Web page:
Credit Card Applications Rise as Americans Turn to Plastic to Bolster Spending Amid Soaring Inflation

By Bryan Jung
Bryan Jung
Bryan Jung
Bryan S. Jung is a native and resident of New York City with a background in politics and the legal industry. He graduated from Binghamton University.
November 24, 2022 Updated: November 24, 2022

Credit card applications are on the rise as more and more Americans deal with soaring inflation and with less cash on hand before the holidays.

Households are spending more on necessities like food, gas, and housing, according to a New York Federal Reserve survey released on Nov. 21.

The interest rates on credit cards have also hit a record high as the Federal Reserve continues its hawkish monetary tightening policy to fight high inflation.

The New York Fed reported that the growth in credit card demand coincided with the record increase in credit card debt over the past year.

The application rate for credit cards increased to 27.1 percent in October, up from 26.5 percent at the same time last year.

This is well above the pre-pandemic reading of 26.3 percent in February 2020.

Higher Borrowing Rates

Applications are expected to increase through 2023, even though credit card annual percentage rates (APR) are expected to increase as the Fed continues to hike short-term interest rates.

Average APR hit a new record high of 19.14 percent last week, higher than the 19 percent record set in July 1991, according to Bankrate.com.

Meanwhile, the average credit application rate fell to 44.8 percent in 2022, down from 45.6 percent a year ago, primarily caused by a decrease in mortgage, refinance, and auto loan applications, with many respondents reporting that they were less likely to apply for loans over the next year.

“Looking ahead over the next 12 months, households anticipate they will be less likely to apply for an auto loan, mortgage, or mortgage refinance loan, but report a higher average likelihood of applying for a credit card or credit card limit increase,” New York Fed researchers said in a statement.

“Consumers expect some easing in credit standards, reporting slightly lower average perceived likelihoods of a future credit application being rejected, conditional on applying over the next 12 months.”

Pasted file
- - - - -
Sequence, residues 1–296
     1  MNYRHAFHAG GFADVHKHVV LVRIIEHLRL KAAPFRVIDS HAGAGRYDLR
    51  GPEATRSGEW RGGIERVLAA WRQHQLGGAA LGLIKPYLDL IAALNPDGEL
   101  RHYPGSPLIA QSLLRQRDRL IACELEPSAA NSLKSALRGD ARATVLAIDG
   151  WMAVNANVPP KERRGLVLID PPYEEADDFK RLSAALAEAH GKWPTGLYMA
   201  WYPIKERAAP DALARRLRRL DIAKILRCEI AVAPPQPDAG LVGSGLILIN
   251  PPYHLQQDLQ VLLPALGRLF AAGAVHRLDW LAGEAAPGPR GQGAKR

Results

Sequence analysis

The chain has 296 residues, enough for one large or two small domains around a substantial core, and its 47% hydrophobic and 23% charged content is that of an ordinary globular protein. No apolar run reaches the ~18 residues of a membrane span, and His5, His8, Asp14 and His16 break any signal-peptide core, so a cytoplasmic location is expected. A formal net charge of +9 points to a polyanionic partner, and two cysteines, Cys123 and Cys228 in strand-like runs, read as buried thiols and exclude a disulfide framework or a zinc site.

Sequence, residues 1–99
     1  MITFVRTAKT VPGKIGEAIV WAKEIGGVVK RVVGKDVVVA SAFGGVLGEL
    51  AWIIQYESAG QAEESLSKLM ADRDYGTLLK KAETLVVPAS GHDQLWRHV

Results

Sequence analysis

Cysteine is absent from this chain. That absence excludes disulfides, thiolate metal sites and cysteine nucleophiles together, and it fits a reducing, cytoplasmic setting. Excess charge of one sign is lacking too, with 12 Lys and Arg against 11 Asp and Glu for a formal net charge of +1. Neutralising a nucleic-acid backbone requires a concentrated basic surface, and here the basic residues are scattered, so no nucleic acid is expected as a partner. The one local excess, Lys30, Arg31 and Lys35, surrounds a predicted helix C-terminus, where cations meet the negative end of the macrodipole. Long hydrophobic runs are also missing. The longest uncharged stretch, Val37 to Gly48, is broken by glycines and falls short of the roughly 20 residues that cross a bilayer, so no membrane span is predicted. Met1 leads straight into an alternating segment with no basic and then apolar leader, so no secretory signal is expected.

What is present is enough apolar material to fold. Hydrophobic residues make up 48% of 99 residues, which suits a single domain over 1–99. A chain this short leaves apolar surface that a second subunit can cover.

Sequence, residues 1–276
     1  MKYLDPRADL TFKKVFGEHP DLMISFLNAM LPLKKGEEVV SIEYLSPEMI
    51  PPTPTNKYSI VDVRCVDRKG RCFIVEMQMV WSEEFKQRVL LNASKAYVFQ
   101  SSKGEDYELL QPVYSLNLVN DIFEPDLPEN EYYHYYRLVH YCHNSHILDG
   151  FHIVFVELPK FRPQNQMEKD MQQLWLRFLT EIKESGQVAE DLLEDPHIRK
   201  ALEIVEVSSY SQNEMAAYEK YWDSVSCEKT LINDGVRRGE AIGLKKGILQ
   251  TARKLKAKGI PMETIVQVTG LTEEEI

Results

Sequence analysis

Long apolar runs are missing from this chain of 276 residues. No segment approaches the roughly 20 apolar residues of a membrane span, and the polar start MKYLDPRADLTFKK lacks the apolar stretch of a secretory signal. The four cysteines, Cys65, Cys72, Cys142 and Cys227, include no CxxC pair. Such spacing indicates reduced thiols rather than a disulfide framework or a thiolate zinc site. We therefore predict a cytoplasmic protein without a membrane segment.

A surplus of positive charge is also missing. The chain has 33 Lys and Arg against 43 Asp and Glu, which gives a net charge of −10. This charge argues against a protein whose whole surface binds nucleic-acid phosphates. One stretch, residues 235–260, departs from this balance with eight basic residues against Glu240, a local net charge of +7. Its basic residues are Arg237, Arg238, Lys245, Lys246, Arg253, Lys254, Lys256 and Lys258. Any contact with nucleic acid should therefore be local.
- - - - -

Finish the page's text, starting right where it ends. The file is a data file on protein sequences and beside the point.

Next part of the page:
At the same time, current application rates for all types of credit rose for Americans with credit scores over 760 and fell for those with a score under 680.

Rejection rates on credit applications rose slightly by 0.5 percent, from 17.5 percent in 2021, but fell for new credit card applications.

Many major banks have recently announced plans to tighten lending standards due to pending fears of a major economic downturn.

Applications For Other Loans Drop

“Credit card rates are much higher than most other forms of debt,” said Bankrate.com analyst Ted Rossman.

“We’re talking three, four or even five times higher than most people are paying for mortgages, car loans and student loans. Paying off your credit card debt should be a top priority, especially with interest rates at record highs.”

Mortgage loan applications unsurprisingly dropped 6.7 percent in October 2022, from 8.5 percent last year, due to higher borrowing rates set by the Fed and a declining housing market.

The refinance rate for mortgages saw the sharpest downturn, plunging to 8.9 percent last month from 21.4 percent in October 2021.

The average 30-year fixed-rate mortgage rate is currently sitting at 6.84 percent after reaching a historic high of 7.08 percent earlier this month.

Mortgage rates have risen more than 50 percent since the start of 2022, after being at 3.10 percent at the end of last October.

The application rate for auto loans remained at 12.9 percent in 2022, the same as in October 2021, but the average application rate dropped this year by 1.6 percent from last year as banks become increasingly reluctant to finance new auto loans.

The new survey comes after a New York Fed report from last week showed credit card balances rising more than 15 percent over the past year, in the largest annual jump in more than two decades.

“With prices more than 8% higher than they were a year ago, it is perhaps unsurprising that balances are increasing,” wrote Fed researchers on Nov. 15.

“The real test, of course, will be to follow whether these borrowers will be able to continue to make the payments on their credit cards.”

Bryan Jung
Bryan S. Jung is a native and resident of New York City with a background in politics and the legal industry. He graduated from Binghamton University.